James Wyatt: Though we do have some giants fighting dragons.

Emi Tanji: We do have one, yeah.

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Emi Tanji: And also there's a giant something that players will not see coming.

James Wyatt: They won't see it coming because they're standing on it! You know we built a city on that hill over there, and then one day the hill got up and walked away because it was a giant. How do you even deal with something like that?

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Emi Tanji: Speaking of which how does this book help players bring giants on to the table?

James Wyatt: So there's a lot of advice in this book for bringing giants to life everything from, you know, stand up and stomp around a little bit, help your players understand just how big a giant is.

Emi Tanji: Can the players be affected by a giant strength?

James Wyatt: Absolutely there's a whole chapter in here to help you make your character feel a little bit more like a part of the world of the giants. You can have one of two backgrounds that tie you into the story of giants--you could be a runecarver who carves giant runes and taps into the magic of giants, or you can be a giant foundling who might have been raised by giants or lived among giants, and maybe your greatsword is a giant-sized letter opener, but hey it works! Then there's a barbarian subclass that when you rage makes you giant-sized and it lets you throw things and people around reflecting the fury of the giants.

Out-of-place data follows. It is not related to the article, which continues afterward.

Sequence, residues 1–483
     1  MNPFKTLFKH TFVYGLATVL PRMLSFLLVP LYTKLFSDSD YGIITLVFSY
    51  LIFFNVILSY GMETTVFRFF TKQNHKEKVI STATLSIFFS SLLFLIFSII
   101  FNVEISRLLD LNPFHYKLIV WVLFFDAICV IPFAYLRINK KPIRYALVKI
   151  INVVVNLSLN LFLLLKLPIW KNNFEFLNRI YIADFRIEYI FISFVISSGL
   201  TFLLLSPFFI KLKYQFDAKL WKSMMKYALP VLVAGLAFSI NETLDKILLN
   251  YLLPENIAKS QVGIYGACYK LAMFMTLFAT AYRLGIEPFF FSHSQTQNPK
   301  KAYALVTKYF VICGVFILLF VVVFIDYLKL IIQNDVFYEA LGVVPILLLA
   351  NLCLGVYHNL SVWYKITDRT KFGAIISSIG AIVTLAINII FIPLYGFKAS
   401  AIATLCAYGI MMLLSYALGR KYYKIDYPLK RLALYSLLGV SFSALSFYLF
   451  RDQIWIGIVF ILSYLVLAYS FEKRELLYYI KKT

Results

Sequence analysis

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Emi Tanji: I could use that once in a while. You know, James, as a new trying-to-be DM the thing I love most are tables.